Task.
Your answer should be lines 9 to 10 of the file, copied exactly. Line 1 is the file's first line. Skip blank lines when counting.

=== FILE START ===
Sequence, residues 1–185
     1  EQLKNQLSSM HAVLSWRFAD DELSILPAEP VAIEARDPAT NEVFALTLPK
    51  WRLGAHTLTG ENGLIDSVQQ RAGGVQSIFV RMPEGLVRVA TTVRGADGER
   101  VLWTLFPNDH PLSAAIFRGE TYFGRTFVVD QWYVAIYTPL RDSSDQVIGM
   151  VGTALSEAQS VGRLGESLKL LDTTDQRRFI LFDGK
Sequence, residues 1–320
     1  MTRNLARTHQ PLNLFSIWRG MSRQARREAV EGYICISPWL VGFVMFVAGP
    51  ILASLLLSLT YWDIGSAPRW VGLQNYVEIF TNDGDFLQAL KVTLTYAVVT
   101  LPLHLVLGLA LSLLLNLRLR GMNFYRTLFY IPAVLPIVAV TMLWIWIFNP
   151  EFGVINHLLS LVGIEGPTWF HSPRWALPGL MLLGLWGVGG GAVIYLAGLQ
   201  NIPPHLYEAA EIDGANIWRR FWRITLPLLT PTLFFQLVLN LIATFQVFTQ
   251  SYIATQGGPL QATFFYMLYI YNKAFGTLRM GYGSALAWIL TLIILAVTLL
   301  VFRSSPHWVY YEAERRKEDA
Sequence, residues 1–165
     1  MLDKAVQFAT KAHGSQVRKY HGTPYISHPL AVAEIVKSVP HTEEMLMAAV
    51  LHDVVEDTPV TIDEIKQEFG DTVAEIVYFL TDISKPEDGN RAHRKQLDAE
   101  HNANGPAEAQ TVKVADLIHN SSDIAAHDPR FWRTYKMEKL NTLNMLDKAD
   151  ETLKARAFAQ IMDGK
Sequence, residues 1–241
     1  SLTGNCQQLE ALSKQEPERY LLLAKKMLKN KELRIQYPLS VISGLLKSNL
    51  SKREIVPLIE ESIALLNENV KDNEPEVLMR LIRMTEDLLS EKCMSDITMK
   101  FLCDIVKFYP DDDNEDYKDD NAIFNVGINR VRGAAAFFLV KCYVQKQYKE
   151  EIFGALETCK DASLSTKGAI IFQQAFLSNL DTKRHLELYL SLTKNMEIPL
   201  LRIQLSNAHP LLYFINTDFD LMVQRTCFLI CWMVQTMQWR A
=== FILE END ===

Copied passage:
   101  LPLHLVLGLA LSLLLNLRLR GMNFYRTLFY IPAVLPIVAV TMLWIWIFNP
   151  EFGVINHLLS LVGIEGPTWF HSPRWALPGL MLLGLWGVGG GAVIYLAGLQ